Home > Uncategorized > Get ready for an Australian recession by 2017

Get ready for an Australian recession by 2017

from Steve Keen

For the last 25 years, Australian politicians of both Liberal and Labor hue have been able to brag that, under their stewardship, Australia has avoided a recession. Those bragging rights are about to come to an end. During the life of the next Parliament — and probably by 2017 — Australia will fall into a prolonged recession.

Whichever party is in opposition at the time will blame the incumbent, but in reality this recession has been set up by the sidestep both parties have used to avoid downturns for the past quarter century: whenever a crisis has loomed, they’ve avoided recession by encouraging the private sector to borrow and spend.

The end product of that is starkly evident in a new database on private and government debt published by the Bank of International Settlements. Australia’s most famous recession sidestep was during the GFC, when it was one of only two countries in the OECD to avoid experiencing two consecutive quarters of negative GDP growth (the other country was South Korea). Since then, the private sectors of the advanced countries have collectively de-levered, reducing their debt levels from about 170 to 160 per cent of GDP. Australia, in stark contrast, has levered up. Our private debt to GDP ratio is now more than 20 per cent higher than when the GFC began, and more than 50 per cent higher than in the USA (see Figure 1).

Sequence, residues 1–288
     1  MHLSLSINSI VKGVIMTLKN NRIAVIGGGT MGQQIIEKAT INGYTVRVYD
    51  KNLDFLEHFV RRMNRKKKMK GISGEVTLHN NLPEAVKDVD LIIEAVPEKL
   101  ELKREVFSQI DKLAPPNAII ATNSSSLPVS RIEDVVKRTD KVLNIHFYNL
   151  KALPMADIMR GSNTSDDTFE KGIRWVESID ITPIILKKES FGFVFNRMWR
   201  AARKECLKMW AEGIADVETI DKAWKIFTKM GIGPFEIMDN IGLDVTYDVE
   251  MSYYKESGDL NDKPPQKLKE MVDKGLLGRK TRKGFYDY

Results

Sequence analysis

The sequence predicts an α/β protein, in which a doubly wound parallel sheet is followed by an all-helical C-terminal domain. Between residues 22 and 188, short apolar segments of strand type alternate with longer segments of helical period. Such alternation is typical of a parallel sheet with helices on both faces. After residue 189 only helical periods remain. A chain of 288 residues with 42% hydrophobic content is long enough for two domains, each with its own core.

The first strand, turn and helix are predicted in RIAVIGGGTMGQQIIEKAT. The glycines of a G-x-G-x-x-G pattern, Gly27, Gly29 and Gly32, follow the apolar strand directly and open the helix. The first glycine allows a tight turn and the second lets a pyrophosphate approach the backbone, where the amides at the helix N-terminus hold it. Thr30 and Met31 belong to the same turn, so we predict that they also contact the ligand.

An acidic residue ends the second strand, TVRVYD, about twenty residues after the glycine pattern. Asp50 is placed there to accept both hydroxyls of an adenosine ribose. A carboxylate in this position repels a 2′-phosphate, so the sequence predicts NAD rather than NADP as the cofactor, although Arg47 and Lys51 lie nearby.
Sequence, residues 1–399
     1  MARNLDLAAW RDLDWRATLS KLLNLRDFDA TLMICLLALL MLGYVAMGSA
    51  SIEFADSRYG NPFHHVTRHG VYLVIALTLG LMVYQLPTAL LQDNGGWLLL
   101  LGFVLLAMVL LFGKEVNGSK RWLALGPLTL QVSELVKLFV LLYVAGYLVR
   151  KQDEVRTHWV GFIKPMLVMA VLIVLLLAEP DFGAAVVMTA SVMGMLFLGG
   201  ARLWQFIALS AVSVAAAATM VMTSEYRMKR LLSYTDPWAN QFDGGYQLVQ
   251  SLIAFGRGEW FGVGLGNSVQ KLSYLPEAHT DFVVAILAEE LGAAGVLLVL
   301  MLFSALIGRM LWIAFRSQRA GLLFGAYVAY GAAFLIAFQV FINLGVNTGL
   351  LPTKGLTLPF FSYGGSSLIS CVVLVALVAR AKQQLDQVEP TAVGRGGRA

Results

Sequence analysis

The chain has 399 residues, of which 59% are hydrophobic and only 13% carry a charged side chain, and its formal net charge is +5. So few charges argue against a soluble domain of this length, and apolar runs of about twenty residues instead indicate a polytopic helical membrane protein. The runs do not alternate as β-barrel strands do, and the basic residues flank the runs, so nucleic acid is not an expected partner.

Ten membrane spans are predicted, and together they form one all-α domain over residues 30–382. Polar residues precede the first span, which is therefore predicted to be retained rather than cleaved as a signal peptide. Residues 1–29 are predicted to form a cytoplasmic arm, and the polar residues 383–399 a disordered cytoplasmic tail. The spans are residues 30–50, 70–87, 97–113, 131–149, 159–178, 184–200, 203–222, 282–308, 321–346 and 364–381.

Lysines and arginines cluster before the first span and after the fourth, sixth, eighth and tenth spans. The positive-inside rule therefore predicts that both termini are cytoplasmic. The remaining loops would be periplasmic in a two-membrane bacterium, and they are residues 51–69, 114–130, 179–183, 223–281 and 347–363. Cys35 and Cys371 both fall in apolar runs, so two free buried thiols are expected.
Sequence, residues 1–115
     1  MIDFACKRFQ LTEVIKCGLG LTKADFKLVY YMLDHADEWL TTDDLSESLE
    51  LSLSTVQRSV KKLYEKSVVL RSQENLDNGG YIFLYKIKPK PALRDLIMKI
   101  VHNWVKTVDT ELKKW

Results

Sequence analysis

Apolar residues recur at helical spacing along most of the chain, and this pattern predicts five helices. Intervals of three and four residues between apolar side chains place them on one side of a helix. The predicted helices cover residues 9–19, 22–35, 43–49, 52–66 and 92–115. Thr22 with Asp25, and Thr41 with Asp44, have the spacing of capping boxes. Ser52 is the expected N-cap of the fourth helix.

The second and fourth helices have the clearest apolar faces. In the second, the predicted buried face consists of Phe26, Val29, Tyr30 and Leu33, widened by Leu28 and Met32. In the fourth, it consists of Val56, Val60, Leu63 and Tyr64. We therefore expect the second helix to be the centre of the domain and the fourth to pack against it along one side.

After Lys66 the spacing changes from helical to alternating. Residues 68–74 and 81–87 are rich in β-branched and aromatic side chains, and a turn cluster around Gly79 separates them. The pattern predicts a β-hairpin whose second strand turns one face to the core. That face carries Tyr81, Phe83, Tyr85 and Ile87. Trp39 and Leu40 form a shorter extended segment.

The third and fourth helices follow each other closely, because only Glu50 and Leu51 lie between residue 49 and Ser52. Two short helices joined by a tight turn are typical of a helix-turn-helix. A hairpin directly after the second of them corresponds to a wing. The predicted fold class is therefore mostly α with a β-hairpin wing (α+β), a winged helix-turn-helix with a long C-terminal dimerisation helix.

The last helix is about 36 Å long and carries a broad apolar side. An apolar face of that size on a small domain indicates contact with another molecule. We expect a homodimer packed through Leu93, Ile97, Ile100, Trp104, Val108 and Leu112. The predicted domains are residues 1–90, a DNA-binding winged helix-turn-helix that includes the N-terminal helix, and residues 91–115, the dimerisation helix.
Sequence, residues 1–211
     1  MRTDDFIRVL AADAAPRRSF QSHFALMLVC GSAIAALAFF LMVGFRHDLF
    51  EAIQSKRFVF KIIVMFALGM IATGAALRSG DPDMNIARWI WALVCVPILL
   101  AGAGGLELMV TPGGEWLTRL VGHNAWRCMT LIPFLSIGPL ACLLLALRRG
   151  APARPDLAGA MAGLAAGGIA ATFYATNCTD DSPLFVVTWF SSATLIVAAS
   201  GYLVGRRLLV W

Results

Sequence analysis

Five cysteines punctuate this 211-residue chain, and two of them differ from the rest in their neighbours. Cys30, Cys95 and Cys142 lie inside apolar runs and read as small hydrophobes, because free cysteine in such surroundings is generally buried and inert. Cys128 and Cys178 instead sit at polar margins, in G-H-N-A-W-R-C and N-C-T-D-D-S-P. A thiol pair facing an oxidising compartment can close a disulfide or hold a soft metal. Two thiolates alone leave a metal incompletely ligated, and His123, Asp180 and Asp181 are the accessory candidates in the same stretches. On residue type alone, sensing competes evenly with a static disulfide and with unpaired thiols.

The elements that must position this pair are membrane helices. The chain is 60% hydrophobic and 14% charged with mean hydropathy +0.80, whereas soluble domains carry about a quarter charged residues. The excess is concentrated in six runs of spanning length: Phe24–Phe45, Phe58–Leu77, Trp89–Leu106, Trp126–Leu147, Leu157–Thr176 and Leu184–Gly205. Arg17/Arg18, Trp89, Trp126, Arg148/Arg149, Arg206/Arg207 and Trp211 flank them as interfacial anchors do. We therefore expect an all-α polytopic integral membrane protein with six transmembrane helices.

Figure 1: Australia has borrowed its way out of recession for the last 25 years


This credit sidestep has worked because the extra debt-financed expenditure lifted aggregate demand and income well above what it would have been in the absence of a debt binge (see Figure 2).

Figure 2: Rising debt increases demand but falling debt reduces it